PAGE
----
DUJOUR MAGAZINE - COCO ROCHA: MODEL CITIZEN
With her strong beliefs and her social-media savvy, Rocha—on Oxygen’s The Face—is a standout in her field
By Lindsay Silberman
The first thing that strikes you about Coco Rocha is, of course, her face. It has those perfect angles, the sharp, sculpted ones that seem to be a prerequisite for becoming a model. But before you can even process the rest of her otherworldly appearance—her flawless ivory complexion, her piercing blue eyes, her slim yet towering frame—you sense there’s a certain depth to her, something a bit more complex.
We’ve arranged to chat over lunch at a casual cafe-bakery in Manhattan’s Flatiron District. She arrives early, having taken the train in from New York’s Westchester County. “I honestly don’t mind it,” she says about taking public transportation. “People do it in any other city. It feels normal.” (She and her husband, muralist James Conran, moved there a year ago.)
As she enters the cafe, the 24-year-old doesn’t walk so much as float—a skill she picked up from her years on the runway. And if the people sitting at the tables near us don’t immediately recognize her, they probably whispered over their turkey sandwiches, “She has to be a model.” Today, the massive fur coat, black pants and stilettos she’s wearing are a dead giveaway.
Her first request is surprising: With autumn in the air, she’s in the mood for pumpkin pie today, so would it be OK if she had a slice for lunch? The Canadian-born model has recently wrapped production for Oxygen’s The Face, a new reality show (premiering February 12 at 9PM ET/PT) in which young women compete to become the face of Ulta Beauty. The show bills itself as giving a more realistic depiction of the challenges and demands of modeling than America’s Next Top Model—a series notorious for its jumping-out-of-planes and posing-with-snakes theatrics. Rocha serves as a mentor and coach for a team of four fledgling models, who compete against squads led by supermodels Naomi Campbell and Karolina Kurkova. Every week, each team competes to win an actual job.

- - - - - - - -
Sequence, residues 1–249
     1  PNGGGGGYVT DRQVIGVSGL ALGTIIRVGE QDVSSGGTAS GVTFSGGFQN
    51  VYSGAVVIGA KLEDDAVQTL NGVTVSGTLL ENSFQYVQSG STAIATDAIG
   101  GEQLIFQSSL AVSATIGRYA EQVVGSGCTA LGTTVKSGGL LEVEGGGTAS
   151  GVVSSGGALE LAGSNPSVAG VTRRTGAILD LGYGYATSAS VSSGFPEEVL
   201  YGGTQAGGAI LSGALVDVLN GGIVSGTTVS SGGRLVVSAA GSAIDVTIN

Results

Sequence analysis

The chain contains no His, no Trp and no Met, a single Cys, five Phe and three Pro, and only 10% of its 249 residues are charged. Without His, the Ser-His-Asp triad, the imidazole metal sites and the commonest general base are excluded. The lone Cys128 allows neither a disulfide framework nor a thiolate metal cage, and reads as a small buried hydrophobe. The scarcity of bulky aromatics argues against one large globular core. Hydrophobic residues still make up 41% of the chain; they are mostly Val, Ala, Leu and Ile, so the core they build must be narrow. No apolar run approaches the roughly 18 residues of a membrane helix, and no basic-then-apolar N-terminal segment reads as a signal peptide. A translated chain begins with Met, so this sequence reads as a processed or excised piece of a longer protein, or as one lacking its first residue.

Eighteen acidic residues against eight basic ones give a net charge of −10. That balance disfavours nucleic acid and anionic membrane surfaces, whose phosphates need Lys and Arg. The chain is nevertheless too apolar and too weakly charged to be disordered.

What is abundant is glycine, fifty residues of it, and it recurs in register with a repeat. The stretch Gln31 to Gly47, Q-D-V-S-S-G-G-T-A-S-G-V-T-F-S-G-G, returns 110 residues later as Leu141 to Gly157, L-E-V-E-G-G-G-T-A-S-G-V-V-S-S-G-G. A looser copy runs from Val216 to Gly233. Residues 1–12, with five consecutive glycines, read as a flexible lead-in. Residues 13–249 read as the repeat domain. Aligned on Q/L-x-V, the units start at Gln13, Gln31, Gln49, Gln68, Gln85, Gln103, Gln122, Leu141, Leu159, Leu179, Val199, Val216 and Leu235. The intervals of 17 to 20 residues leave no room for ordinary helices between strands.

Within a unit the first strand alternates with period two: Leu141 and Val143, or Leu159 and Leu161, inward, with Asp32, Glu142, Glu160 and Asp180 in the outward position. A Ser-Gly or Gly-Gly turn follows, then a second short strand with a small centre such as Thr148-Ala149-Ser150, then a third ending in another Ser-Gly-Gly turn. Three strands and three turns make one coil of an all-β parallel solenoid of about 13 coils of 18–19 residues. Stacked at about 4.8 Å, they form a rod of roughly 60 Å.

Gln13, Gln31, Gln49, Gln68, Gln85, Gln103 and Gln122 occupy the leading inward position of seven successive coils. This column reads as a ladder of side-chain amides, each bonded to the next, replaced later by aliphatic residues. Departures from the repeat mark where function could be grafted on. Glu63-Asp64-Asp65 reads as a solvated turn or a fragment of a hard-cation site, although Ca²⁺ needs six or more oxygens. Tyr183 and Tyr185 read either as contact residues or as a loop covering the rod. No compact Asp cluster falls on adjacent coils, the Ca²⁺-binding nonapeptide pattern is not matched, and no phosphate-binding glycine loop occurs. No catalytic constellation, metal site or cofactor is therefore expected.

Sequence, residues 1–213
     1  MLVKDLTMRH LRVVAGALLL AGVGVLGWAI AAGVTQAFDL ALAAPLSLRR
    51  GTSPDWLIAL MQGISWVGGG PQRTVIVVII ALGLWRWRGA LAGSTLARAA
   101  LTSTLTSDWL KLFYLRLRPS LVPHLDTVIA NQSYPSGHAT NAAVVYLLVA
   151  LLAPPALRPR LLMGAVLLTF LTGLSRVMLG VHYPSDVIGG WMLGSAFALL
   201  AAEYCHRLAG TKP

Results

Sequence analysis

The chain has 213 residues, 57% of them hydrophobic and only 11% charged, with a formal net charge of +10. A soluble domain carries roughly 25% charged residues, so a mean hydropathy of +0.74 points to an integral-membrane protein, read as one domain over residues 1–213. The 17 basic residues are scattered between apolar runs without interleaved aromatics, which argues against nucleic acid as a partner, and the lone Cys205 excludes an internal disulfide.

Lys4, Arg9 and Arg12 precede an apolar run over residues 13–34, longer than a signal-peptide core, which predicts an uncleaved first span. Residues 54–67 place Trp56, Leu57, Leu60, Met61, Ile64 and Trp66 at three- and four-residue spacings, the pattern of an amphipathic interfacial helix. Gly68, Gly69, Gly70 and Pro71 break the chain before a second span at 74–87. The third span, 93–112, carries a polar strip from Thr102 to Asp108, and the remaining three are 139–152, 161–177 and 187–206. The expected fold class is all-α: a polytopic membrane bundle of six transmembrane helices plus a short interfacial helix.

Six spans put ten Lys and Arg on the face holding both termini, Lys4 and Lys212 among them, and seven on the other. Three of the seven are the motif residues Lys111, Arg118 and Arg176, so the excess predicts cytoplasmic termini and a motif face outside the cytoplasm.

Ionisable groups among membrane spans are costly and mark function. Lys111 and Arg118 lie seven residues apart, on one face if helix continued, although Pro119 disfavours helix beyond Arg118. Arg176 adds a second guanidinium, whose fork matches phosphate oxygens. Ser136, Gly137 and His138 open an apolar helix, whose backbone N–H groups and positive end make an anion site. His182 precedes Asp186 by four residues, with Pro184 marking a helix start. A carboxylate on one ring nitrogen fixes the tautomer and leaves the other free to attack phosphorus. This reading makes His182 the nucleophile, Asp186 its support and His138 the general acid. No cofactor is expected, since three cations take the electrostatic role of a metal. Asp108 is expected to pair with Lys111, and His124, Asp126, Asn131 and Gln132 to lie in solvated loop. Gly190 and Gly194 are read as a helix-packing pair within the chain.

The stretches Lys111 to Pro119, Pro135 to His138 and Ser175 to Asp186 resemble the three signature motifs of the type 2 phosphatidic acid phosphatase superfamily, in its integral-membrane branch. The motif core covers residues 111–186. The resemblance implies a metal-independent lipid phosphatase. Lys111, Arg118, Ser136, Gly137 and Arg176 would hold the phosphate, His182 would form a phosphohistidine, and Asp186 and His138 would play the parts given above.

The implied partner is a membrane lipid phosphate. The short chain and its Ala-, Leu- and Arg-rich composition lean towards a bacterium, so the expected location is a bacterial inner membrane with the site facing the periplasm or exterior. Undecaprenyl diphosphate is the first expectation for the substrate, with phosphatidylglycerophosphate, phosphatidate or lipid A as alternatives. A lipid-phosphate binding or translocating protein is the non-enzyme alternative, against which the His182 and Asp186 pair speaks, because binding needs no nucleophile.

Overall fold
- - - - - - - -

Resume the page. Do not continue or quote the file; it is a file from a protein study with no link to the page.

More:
It’s an opportunity the thoughtful, soft-spoken Rocha describes as “surreal,” and understandably so. Her career—gracing the cover of Vogue, walking the runways at the Paris, Milan and New York fashion shows, appearing in ad campaigns for Chanel and YSL—is unusual for someone like her. Rocha is a devout Jehovah’s Witness, as is her husband. “My faith is everything,” she declares. Raised by her mother, Rocha has been a Jehovah’s Witness her entire life, but she wasn’t baptized until 2009—the religion requires that individuals be old enough to make their own decisions before committing.
Gracia Urbana (Urban Grace) - Vogue Mexico
My second editorial for next months Vogue Mexico took place in the center of the universe - aka - Times Square New York. Having shot everywhere from outside in the middle of a blizzard to a room literally on fire I can honestly say, here is probably no crazier place on earth for a model to shoot than Times Square in the middle of the day. All the tourists swarm and think you’re Mickey Mouse, stopping to point or take your picture. I remember at one point all the girls and guys working at Sephora came out of the store and were my own personal cheer leaders, it was amazing. Dewey Nicks the photographer would sometimes use a very long camera lens so often I was posing like a mad-woman with no apparent photographer around, leaving everyone to wonder what on earth this crazy baroque-looking ballerina was doing flailing her arms and legs in every direction. As a side note, many years ago I worked with Dewey on a shoot in the pacific north west with my friend Behati Prinsloo (remember this cute picture?). We spent half our time running around the forest, hiding from production, and just generally acting like 12 year olds so I’m sure it took him at least this long to take me seriously again! haha.
All clothing by Dolce & Gabbana, styling by Sarah Gore Reeves.